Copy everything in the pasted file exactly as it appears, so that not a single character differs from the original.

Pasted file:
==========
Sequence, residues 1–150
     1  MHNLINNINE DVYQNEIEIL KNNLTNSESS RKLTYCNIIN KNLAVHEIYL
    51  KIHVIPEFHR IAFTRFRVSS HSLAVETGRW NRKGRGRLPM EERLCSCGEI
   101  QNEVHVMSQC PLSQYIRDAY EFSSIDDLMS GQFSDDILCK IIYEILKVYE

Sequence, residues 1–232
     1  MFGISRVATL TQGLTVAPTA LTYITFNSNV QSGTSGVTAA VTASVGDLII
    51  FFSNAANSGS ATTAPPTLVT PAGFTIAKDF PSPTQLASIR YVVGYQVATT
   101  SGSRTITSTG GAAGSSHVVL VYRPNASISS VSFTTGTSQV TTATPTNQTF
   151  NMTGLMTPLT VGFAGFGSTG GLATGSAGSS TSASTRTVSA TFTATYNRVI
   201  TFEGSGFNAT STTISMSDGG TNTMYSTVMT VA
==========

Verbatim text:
Sequence, residues 1–150
     1  MHNLINNINE DVYQNEIEIL KNNLTNSESS RKLTYCNIIN KNLAVHEIYL
    51  KIHVIPEFHR IAFTRFRVSS HSLAVETGRW NRKGRGRLPM EERLCSCGEI
   101  QNEVHVMSQC PLSQYIRDAY EFSSIDDLMS GQFSDDILCK IIYEILKVYE

Sequence, residues 1–232
     1  MFGISRVATL TQGLTVAPTA LTYITFNSNV QSGTSGVTAA VTASVGDLII
    51  FFSNAANSGS ATTAPPTLVT PAGFTIAKDF PSPTQLASIR YVVGYQVATT
   101  SGSRTITSTG GAAGSSHVVL VYRPNASISS VSFTTGTSQV TTATPTNQTF
   151  NMTGLMTPLT VGFAGFGSTG GLATGSAGSS TSASTRTVSA TFTATYNRVI
   201  TFEGSGFNAT STTISMSDGG TNTMYSTVMT VA